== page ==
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Russian philosophy of law

DOI
10.4324/9780415249126-E083-1
Published
2002
DOI: 10.4324/9780415249126-E083-1
Version: v1,  Published online: 2002
Retrieved May 24, 2024, from https://www.rep.routledge.com/articles/thematic/russian-philosophy-of-law/v-1

Article Summary

Russian thought is rarely associated with philosophy of law. The intellectuals of pre-revolutionary Russia are known rather for their uncompromising critique of legalism, passing sometimes into a genuine ‘legal nihilism’. Indeed, both right-wing and left-wing Russian thinkers – the Slavophiles and Dostoevskii on the one hand, the populists and anarchists (from Bakunin to Tolstoi) on the other – saw modern rational law as an instrument of egoistic bourgeois individualism, destroying the values of communal collectivism still preserved among the Russian peasantry. This attitude found expression not only in different forms of programmatic anti-capitalism but also in a tendency to discredit civil rights and political liberty as a mere mask for capitalist exploitation. Capitalist development and the juridicization of social bonds it involved were perceived as something peculiar to the West, coming to Russia from without and as such not worthy of acceptance. Law and legal rights were criticized in Russia from many quarters and for various reasons: in defence of an idealized autocracy or in defence of true freedom, on behalf of the Russian soul or on behalf of universal progress towards socialism, in the name of Christ or in the name of Marx. In this manner right-wing and left-wing Russian intellectuals supported one another in creating a peculiar tradition of the censure of law.

However, it would be wrong to draw from these facts a conclusion of an inherent hostility between the ‘Russian mind’ and the ‘spirit of law’. The ‘juridical world-view’ of the Enlightenment was well represented in imperial Russia. The modernizing Russian autocrats – Peter the Great and Catherine the Great – believed firmly in the power of rational legislation and won admiration from among leading European thinkers (Leibniz, Voltaire, Diderot) fir setting a good example for Western monarchs. The first radical critic of Russian autocracy, Aleksandr Radishchev (1749–1802), was in turn a theorist of natural law, a firm believer in inalienable human rights, and an enthusiastic worshipper of the American constitution. Under the reign of Alexander I (1801–25), who himself thought seriously about the introduction of constitutional rule in Russia, admiration for law was very strong among Russia’s intellectual elite. Radischchev’s disciples, Ivan Pnin and Vasilii Popugaev, inspired also by the Scottish Enlightenment, advocated the idea of a ‘civil society’ with a developed system of private law and legally safeguarded human rights. Nikita Murav’ev and Pavel Pestel, ideological leaders of the two trends within the Decembrist movement (named so after the abortive uprising of December l825), expressed their ideas in the form of detailed constitutional projects. A common feature of these projects, otherwise very different, was a pronounced juridical rationalism, sharply contrasting with all variants of a sceptical attitude towards law.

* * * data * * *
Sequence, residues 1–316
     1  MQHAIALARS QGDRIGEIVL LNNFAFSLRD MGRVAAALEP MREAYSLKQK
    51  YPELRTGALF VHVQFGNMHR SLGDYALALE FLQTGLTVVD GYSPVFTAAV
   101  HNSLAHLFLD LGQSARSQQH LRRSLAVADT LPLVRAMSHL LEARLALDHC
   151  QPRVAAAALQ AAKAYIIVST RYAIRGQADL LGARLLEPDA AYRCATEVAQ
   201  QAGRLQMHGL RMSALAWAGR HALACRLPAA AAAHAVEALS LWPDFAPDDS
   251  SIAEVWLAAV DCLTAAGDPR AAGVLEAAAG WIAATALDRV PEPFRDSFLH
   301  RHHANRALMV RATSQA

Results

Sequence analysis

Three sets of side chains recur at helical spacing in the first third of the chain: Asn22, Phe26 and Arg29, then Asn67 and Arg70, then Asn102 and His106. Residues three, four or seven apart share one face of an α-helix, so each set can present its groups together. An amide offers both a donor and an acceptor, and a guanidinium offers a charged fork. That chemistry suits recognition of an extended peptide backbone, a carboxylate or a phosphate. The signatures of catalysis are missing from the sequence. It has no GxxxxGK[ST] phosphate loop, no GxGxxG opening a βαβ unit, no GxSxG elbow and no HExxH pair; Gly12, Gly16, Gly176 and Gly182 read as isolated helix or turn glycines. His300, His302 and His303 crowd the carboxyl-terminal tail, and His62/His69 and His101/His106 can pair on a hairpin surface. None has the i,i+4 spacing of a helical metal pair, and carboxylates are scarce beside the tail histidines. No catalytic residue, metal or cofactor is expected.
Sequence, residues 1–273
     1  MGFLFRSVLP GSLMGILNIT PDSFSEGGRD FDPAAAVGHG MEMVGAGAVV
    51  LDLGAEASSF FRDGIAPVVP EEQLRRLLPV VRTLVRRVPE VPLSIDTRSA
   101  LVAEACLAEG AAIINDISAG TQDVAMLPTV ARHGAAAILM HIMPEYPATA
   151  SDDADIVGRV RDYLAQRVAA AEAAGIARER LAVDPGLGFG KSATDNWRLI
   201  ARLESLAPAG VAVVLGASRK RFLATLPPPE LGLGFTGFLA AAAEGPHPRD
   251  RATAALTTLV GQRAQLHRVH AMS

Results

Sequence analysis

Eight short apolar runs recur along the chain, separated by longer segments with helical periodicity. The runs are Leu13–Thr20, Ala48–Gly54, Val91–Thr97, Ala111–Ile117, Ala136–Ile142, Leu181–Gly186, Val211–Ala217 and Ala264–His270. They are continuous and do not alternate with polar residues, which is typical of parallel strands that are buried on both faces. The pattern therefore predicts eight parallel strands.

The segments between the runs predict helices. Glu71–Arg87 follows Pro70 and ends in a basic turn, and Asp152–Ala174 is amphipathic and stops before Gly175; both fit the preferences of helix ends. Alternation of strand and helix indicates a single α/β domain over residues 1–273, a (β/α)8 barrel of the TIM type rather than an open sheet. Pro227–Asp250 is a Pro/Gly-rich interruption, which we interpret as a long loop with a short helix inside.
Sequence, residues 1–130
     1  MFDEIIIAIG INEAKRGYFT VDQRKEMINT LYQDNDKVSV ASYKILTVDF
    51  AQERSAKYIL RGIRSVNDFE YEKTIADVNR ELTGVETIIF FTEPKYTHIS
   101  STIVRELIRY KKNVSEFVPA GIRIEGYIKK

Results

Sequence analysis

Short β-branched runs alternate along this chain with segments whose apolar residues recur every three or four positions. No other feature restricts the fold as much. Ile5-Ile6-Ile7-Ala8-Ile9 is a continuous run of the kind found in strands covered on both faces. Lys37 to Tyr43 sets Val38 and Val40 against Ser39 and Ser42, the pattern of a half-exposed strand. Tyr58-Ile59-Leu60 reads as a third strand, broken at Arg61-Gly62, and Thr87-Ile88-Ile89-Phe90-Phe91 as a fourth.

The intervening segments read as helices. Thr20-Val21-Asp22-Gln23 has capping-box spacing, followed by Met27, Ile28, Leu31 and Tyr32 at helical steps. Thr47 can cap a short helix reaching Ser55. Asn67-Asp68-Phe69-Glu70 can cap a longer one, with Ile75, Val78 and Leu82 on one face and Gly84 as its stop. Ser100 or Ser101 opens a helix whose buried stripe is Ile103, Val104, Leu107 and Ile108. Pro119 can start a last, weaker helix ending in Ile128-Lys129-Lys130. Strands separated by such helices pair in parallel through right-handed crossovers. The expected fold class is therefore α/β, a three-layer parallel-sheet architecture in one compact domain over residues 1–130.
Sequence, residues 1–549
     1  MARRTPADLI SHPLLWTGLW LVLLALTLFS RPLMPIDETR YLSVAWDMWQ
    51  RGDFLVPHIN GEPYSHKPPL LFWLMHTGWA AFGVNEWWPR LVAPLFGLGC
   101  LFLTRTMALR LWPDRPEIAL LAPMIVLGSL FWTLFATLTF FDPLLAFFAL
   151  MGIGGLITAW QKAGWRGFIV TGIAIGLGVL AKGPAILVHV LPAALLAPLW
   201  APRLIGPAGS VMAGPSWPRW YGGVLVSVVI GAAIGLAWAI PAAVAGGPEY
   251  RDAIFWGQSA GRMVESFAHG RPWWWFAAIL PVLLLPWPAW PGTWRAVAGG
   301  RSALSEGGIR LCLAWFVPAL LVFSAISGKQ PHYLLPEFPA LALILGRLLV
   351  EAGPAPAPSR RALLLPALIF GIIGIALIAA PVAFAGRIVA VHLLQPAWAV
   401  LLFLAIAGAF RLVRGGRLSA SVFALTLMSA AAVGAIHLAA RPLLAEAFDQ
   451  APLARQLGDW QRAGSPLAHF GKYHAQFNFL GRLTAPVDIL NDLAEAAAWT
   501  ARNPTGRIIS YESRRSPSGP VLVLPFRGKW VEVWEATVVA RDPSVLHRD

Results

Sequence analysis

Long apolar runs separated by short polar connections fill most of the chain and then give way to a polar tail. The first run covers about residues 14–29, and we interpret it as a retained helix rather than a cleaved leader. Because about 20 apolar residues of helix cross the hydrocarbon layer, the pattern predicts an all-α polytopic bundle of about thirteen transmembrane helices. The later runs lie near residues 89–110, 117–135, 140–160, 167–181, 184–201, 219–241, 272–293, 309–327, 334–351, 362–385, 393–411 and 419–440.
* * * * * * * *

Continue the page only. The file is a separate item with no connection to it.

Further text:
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Citing this article:
Walicki, Andrzej. Russian philosophy of law, 2002, doi:10.4324/9780415249126-E083-1. Routledge Encyclopedia of Philosophy, Taylor and Francis, https://www.rep.routledge.com/articles/thematic/russian-philosophy-of-law/v-1.
Copyright © 1998-2024 Routledge.

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